Having both made poor starts to the season,
Liverpool and Everton met in the first Merseyside derby
of the season with even more desire to win than normal. Liverpool
played well, but in the end a late goal from Jagielka ensured that neither side
got their wish; the match ended as a draw.
As soon as the match kicked off it became apparent that
Liverpool were more up for this fixture than they had
been for any other so far this season. The pressing was good, the intensity of
the play was excellent, and overall we looked very dangerous. The attacking
play was clearly too strong for Barry; he mis-timed a tackle in the very first
minute of the game and was subsequently booked. Everton showed some attacking
intent of their own- Lukaku’s bursting run into the box was halted by Moreno pulling him back,
and the Blues had a big shout for a penalty. However, the referee opted not to
give it, and replays showed that the foul started just outside the box anyway.
Minutes later, Martin Atkinson had another big call to make. Barry, who had already been booked, blatantly raised his arms into an unnatural position in order to block Raheem Sterling’s vicious drive. Had this been deemed a foul- as, clearly, it should have been- then Barry would surely have been off the pitch for a second yellow. Moments after that, Barry was in trouble again. He slid in to rob Balotelli of possession, but caught a fair portion of the man before getting anywhere near the ball. This time Atkinson did give a free kick, but again failed to produce the second yellow card. Had he done so, the game may well have gone very differently.
As it was,
forced to try and win the match against Everton’s full compliment of players.
The signs were much more encouraging than in previous games; with the exception
of Markovic, who is still adapting to the English game, everyone looked
dangerous going forward. Lallana was particularly impressive- he played some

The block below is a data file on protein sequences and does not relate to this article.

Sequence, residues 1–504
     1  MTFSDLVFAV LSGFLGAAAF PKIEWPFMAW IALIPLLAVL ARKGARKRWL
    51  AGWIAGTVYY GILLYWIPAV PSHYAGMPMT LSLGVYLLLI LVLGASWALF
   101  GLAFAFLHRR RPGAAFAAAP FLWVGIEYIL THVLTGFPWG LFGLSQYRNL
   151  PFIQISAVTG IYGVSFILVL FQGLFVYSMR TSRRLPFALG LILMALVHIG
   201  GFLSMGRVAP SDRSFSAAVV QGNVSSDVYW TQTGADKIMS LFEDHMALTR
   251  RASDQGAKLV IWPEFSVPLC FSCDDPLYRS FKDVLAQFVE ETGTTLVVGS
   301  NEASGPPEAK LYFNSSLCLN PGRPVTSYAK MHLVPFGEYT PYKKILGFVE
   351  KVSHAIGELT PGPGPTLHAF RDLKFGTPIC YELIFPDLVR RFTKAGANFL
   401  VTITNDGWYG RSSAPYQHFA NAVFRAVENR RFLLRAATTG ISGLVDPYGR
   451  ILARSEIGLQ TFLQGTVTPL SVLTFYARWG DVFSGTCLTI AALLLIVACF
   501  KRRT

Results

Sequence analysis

nice passes and showed good close control at times. Despite this, the teams
went in for half time at 0-0. Nobody had predicted this before the game, but
two of the worst defences in the league so far had performed admirably. In the
end, it took a piece of magic from under-fire skipper Steven Gerrard to break
the deadlock. Balotelli won a free kick in a promising position, and, though
the Italian looked interested in taking it, Gerrard stepped up. He hit it
gloriously, curling round the wall and in, just close enough to the corner that
Howard’s touch on the ball was not telling enough to keep it out.
It looked for a while like the impossible was going to happen-
Liverpool were going to keep a clean
sheet. Admittedly Everton had offered barely anything going forward, but when
they had launched an attack the defence had remained solid. It wasn’t until
stoppage time at the end of the game that they finally conceded. Mignolet
should have come to claim a cross but didn’t, then Lovren’s clearing header
fell to Jagielka, around 25 yards from goal. It wasn’t awful defending, but we
probably should have done better with it. What happened next, however, everyone
was powerless to prevent. Jagielka, hardly renowned for the goals he scores
from centre-back, rocketed the ball with unerring precision into the top corner
of the net, just grazing the underside of the bar on the way in.
Obviously it was frustrating not to take all three points from a game where we were on top throughout, but things like a wonder goal from a defender simply cannot be accounted for. Of course it would be great to be getting more points on the board, but at least now we’re looking recognisable as the team who did so well last year. Hopefully this performance can be a springboard for us; our next three games are all winnable, so hopefully the confidence from the way we played yesterday combined with the return of Daniel Sturridge will be enough to enable us to take maximum points.
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